I sat with her to tell her parents she’s pregnant, to show I wasn’t just gonna run away from it. I knew I had no idea what was gonna happen, but I didn’t want to be like one of them guys who run.
I never had no dad in my life. All my life, my mom was pissed, took it out on us kids. She called my girlfriend a slut to her face in front of everybody at a bus stop. Said she wasn’t gonna raise no slut’s kid in her house.
I applied for every job in town. Any time I saw a Help Wanted sign I would go in, but nobody wanted a guy without no experience. They could tell I was desperate. The worst was fast food places wouldn’t even hire me. But soon I got a job driving pizzas. Moved in with my girlfriend’s family.
There was lots of drama and fighting. Lots of bad nights. I would get tired and furious after work. Giving every penny away got to me. My girlfriend’s mom did a lot to try to keep the baby away from my fights with Linda.
Linda’s parents are pretty much raising the kid, if I’m gonna be honest. They’re good people, better than my family. They pay for food and diapers. They stay with the baby girl when I’m here in night school. I’m real ashamed of it.
That’s why I’m here, to get my associates. Maybe I’ll try for computer skills or an accountant, or I think I could do CAD or HVAC. Anything, so long as it’s work, to pay for my kid. But I have to admit, I don’t like school at all. I was never no good in it. So I’m not gonna lie. If it wasn’t for my daughter, I wouldn’t be here.
Be sure that I’m not an instructor who passes anyone out of pity, no matter the circumstance. It does no one any favors, neither the student nor the next instructor who has to deal with him. In this case I never got the chance to think about it. The student disappeared after nine weeks and only ever handed in two assignments. I never tested him, but I estimated his reading skills were somewhere around fifth or sixth grade.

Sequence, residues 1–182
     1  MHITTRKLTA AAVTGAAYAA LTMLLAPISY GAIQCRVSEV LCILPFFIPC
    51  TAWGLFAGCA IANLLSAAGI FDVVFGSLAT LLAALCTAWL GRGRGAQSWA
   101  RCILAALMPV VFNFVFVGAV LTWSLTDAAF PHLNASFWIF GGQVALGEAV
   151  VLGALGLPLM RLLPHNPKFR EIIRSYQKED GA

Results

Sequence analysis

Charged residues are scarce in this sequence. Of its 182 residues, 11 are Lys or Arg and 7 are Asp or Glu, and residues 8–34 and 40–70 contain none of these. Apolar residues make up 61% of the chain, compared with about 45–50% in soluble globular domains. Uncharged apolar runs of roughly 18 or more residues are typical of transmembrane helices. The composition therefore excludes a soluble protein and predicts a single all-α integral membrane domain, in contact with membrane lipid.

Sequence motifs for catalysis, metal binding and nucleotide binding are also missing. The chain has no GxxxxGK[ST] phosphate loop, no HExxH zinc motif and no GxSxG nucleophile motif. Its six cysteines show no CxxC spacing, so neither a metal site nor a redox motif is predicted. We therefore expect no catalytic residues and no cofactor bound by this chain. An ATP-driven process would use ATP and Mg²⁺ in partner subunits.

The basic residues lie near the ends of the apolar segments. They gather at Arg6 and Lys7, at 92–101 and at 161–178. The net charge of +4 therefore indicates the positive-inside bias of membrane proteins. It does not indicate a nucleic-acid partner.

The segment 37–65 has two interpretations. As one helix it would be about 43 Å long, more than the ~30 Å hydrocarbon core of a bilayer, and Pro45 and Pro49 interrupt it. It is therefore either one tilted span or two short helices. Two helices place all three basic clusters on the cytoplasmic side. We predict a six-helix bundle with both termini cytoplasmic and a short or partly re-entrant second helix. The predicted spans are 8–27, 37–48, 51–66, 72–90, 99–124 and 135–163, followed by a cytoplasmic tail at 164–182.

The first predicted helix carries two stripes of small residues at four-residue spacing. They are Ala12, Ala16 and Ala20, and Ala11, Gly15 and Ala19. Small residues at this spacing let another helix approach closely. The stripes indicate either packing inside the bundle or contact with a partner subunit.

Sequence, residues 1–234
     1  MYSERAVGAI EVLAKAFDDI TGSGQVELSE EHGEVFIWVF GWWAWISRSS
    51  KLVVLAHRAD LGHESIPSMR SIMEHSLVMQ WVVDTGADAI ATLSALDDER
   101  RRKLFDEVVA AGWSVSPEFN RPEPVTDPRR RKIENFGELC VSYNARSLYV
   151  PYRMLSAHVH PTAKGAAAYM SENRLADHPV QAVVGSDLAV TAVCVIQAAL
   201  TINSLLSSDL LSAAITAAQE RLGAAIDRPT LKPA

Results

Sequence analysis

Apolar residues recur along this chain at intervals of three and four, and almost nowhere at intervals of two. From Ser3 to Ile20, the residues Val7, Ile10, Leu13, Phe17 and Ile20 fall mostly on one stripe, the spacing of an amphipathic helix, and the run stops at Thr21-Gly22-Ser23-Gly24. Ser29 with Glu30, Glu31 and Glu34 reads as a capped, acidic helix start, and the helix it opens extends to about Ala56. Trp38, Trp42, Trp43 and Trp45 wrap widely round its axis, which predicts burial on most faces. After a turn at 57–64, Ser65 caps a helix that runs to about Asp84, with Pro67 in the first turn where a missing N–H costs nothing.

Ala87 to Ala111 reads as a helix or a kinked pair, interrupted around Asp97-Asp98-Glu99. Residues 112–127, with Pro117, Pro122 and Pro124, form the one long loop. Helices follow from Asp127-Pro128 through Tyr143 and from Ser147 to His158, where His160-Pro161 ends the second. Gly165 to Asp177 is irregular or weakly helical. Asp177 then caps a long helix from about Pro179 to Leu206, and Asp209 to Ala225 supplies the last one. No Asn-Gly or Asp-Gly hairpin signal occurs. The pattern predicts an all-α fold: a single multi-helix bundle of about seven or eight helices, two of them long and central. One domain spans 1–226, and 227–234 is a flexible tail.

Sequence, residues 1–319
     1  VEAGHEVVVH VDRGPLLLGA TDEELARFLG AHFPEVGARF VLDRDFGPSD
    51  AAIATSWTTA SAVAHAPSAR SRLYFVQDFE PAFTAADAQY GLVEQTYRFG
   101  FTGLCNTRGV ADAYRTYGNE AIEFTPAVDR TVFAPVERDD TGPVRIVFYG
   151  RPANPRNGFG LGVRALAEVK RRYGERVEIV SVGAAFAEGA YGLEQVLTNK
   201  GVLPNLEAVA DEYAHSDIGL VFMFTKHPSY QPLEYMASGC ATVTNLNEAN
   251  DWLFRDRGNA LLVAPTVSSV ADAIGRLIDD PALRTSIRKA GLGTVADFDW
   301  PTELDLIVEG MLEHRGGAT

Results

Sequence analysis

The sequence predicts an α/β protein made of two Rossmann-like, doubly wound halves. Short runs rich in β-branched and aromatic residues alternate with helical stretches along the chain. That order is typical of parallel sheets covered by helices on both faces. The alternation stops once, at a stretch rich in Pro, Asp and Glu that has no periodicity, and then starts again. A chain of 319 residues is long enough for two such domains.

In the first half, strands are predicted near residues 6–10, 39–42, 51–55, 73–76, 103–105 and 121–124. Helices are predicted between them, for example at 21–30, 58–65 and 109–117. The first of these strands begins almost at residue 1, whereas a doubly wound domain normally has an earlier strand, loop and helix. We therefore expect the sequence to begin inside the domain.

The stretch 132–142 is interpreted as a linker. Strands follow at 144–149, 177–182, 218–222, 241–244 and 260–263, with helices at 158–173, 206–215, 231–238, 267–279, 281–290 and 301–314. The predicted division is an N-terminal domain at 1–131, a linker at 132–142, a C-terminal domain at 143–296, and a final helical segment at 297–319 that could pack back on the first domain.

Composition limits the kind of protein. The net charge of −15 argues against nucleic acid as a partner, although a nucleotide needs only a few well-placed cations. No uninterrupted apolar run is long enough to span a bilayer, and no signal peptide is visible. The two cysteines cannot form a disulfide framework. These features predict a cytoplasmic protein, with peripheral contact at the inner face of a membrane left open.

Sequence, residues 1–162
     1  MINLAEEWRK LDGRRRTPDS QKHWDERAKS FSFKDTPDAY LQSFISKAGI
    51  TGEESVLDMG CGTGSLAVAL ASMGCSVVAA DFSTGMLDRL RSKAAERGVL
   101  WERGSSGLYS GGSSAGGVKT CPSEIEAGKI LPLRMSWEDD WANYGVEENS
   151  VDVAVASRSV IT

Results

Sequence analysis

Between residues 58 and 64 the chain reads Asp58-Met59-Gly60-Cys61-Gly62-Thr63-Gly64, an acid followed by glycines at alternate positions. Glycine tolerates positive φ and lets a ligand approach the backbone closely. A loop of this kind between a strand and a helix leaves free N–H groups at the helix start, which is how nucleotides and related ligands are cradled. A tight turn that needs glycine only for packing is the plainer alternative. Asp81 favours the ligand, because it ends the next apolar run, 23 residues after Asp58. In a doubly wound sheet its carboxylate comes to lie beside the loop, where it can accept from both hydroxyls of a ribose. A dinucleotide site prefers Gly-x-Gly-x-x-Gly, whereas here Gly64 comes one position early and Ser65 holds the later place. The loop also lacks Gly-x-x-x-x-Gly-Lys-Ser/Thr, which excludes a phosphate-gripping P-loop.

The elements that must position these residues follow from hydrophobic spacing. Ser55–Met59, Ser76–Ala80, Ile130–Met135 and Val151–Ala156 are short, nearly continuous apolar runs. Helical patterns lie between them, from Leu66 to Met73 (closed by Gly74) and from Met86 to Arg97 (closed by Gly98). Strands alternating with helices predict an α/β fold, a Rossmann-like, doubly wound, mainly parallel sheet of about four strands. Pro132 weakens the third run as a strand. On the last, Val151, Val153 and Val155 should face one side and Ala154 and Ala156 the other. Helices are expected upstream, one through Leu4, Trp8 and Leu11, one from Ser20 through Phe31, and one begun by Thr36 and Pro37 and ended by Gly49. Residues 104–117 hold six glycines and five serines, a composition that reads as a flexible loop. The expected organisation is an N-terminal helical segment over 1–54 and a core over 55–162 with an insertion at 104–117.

We can argue about who has it worse, men or women in these cases, but that’s the wrong argument. The children (boys and girls) born to these youths get the shortest stick, and it hardly matters to them if our gender discourse demonizes or victimizes one parent or the other. It still takes a sperm and an egg to conceive a child. And all children born in our culture are our neighbors, our fellow countrymen and women, fully deserving every chance at happiness and fulfillment, no matter what neighborhood they’re born in. Looking at them any other way is dehumanizing.
However, children born to children face enormous risks. In the community where I work, teen pregnancy rates have gone down in recent years, but they are still staggering. We’ll continue seeing children have children—most of whom will remain stuck in a cycle of poverty and under-education—until we face our puritan’s fears and choose to teach the full array of knowledge we have about sexuality, birth control, pregnancy and the economics of child rearing to every child in America, beginning in middle school and continuing through senior year, no matter what neighborhood they were born in.
I’m sure there are people who’ll say there’s no hope for someone who can’t end her recklessness after two pregnancies. I see where they’re coming from, but I’ll remind readers that some people in our culture feel so devalued, become so desperate for attention, intimacy, love, connection, value, meaning and power, if even temporary, that they will put their future at risk. Or they convince themselves there’s no risk at all, at least not now. This conflict should be part of the lesson of sex education. Perhaps that’s the part of the lesson—sexuality’s connection to our feelings and psychology, including the fetish of risk, the thrill of recklessness—that we do the worst job acknowledging and teaching.
True Community runs each Wednesday. Gint Aras explores his experiences as an instructor in a community college that serves a lower-middle to lower class district in Chicagoland.